Posts Tagged ‘ice chests’

Tackle Packing & Juggling


There’s a right way and a wrong way to pack for a fishing trip to Baja. And then, there’s EASIER ways to do it right!



Originally Published the Week of Feb. 18, 2014 in Western Outdoor News

It’s an irritation, but something we’ve gotta learn to live with these days.  Like taking your shoes off at the airport.   Like having your expensive shampoo taken away at check-in.

I’m sure greater and bigger minds than ours have figured out why they are important aspects of airline travel these days.   We empty  and open our bags and pass our stinky shoes through the conveyer belt and do our little spin in the x-ray scanner.  Like the hokey-pokey.  That’s what it’s all about.

One thing for sure is that the days of free luggage are something we use with words like “back in the day” and “in the olden days.”   The more you bring, the more you’ll get charged.

It kinda makes you cry as you stand in your garage and you look at all your custom rods, reels, feathers, jigs and other toys.   You want to bring them ALL!

Almost 30 years ago, I remember my first trip flying to Baja.  I took 10 rods and reels  (two tubes); a tackle box that weighed about 50 pounds and almost 30 marlin lures (that my buddy had borrowed from WON editor Pat McDonell who didn’t know who I was at the time!).   Oh, and two 85-quart ice chests as well.  And this was for fishing in a panga for only 2 days!

Nowadays, you get one piece of luggage.  If you’re lucky.

Economy airlines charge for each piece of luggage.

Rod tubes are oversize.  Pay extra.  Cha-ching!

Reel bags too heavy.  Pay extra.  Cha-ching!

Ice chest…even with nothing in it.  Pay extra.  Cha-ching!

But, a man must do what a man must do and the fish are calling!  So, we just have to think from a different angle.  Consolidate and downsize.

Before purchasing your airline tickets, find out if the airlines has a special luggage allowance you can purchase.  Some airlines (Volaris comes to mind) allows you to pay a little extra up-front when you purchase your tickets online.

This allows you to bring more luggage and more weight for a fraction of the cost.  If you just walk up to the counter with all the extra weight, they charge BY THE POUND!

For example, we had some clients who purchased $200 round trip tickets to fish with us in La Paz.  We told them to purchase the extra luggage allowance.  They declined to do so.

When they flew back to the U.S. they had several very full ice chests.  It cost them almost $600 to fly the fish back.   OUCH!

For practical purposes, take a look at your own gear, if you’re planning to travel.

“Back in the day” multi-piece travel rods were junk.  Nowadays several very good manufacturers and a number of custom rod wrappers are making some super 2 and 3-piece travel rods in varying lengths and strengths.

Many of them come with handy cases and can literally be carried in the overheads or packed into suitcases.  They even make break-down trolling rods.

For reels, here’s my suggestion.  Pair it down to some essential reels.  Match your reels to what you’ll be fishing for.  You don’t need a bowling ball-heavy 5/0 wide reel if you’re going to be fishing inshore in 100 feet of water.  With the new aluminum reels and their horse-strong drags, you can use smaller/lighter reels to get the job done.  Even for trolling.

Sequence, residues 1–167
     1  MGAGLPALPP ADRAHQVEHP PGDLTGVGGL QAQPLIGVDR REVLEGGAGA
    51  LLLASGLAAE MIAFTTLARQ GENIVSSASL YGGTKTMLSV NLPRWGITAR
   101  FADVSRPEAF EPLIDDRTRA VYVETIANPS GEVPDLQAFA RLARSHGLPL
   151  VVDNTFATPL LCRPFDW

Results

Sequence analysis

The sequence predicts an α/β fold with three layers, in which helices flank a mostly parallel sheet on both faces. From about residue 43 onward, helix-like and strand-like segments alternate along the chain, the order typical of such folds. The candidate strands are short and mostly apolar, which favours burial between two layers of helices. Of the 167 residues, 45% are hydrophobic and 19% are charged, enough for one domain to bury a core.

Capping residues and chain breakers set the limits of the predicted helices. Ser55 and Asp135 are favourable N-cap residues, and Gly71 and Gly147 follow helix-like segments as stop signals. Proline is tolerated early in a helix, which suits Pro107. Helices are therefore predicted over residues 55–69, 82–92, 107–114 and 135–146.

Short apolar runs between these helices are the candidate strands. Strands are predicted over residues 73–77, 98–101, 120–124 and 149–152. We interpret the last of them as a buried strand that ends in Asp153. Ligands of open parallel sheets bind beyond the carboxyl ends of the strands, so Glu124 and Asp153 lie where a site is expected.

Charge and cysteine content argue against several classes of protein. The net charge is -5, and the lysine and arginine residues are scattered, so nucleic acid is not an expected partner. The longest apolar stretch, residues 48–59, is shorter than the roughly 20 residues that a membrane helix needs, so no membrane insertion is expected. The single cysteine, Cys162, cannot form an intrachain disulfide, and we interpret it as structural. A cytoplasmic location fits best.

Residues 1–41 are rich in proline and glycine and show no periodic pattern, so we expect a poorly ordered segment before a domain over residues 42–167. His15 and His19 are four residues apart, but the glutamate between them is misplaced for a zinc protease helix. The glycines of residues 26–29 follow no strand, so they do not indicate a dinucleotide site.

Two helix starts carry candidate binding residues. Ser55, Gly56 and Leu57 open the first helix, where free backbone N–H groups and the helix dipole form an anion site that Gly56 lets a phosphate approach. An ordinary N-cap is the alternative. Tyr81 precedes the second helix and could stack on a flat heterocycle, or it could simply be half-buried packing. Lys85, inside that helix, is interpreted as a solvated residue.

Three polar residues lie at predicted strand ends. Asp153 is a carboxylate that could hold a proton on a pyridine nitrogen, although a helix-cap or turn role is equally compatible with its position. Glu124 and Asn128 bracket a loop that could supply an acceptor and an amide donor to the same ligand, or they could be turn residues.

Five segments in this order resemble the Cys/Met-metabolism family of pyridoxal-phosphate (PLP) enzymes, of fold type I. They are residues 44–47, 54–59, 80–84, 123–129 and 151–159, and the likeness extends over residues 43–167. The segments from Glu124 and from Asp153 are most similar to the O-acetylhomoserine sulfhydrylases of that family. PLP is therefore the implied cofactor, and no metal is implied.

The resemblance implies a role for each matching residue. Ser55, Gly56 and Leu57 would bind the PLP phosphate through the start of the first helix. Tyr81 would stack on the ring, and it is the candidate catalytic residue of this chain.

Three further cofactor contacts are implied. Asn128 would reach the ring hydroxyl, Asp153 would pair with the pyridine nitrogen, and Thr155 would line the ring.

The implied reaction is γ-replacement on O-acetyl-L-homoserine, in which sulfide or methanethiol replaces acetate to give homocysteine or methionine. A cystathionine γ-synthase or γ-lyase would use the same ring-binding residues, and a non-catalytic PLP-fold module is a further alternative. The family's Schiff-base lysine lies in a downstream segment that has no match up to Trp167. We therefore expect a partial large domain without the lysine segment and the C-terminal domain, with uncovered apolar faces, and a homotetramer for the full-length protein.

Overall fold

I would also suggest putting spectra on the reels then put 150 yards of mono top-shot on them.  That way if, for example, the 40-pound test mono isn’t working, all you have to do is change the top-shot to whatever line is the hot ticket for the bite.   You won’t need a separate reel for that.

For terminal gear, be practical.  If you’re only fishing 3 days, you don’t really need 500 hooks of all sizes.  You don’t need 20 throwing irons.  You don’t need 10 feathers of all colors.   If you can, contact your outfitter ahead of time and find out what’s really working.  Bring the essentials.

While you’re at it, pow-wow with your fishing partner.  Consider packing all your rods together.  In one tube.  Each of you doesn’t need to bring a whole set of lures, hooks and other essentials either.  You can both share and thereby cut down on weight and gear.

As for bringing the fish home,  if you’re like me, it always irritated me to pay to bring an empty ice chest down to Mexico.  Paying for air?  C’mon!

What I’ve been suggesting lately is using the newer soft-sided coolers that are airline rated heavy duty;  keeps things frozen for days; and can be folded and packed into your suitcase on the way down.

We’ve had one made by American Outdoors that has worked like a champ for about 5 seasons.   Another nice thing is that these weigh less than a traditional cooler.  Since most airlines limit you to 50 pounds on luggage,  you can get more actual frozen fish in a soft-cooler than a hard-sided cooler that weighs 8-20 pounds with wheels on them.

One last thing.  In the old days,  my buddies and I brought down one or two sets of shorts and t-shirts with us.  That was it.  Our motto was, “if you can’t wash it in the sink, don’t bring it.”  That was a great way to save room for more tackle.

Of course, that was in the days when my buddies and I were all bachelors.

That’s our story!

Jonathan signature

Jonathan Roldan has been writing the Baja Column in Western Outdoor News since 2004.  Along with his wife and fishing buddy, Jilly, they own and run the Tailhunter International Fishing Fleet in La Paz, Baja, Mexico  www.tailhunter-international.com.  They also run their Tailhunter Restaurant Bar on the famous La Paz malecon waterfront.  If you’d like to contact him directly, his e-mail is riplipboy@tailhunter-international.com  or drop by the restaurant to say hi!


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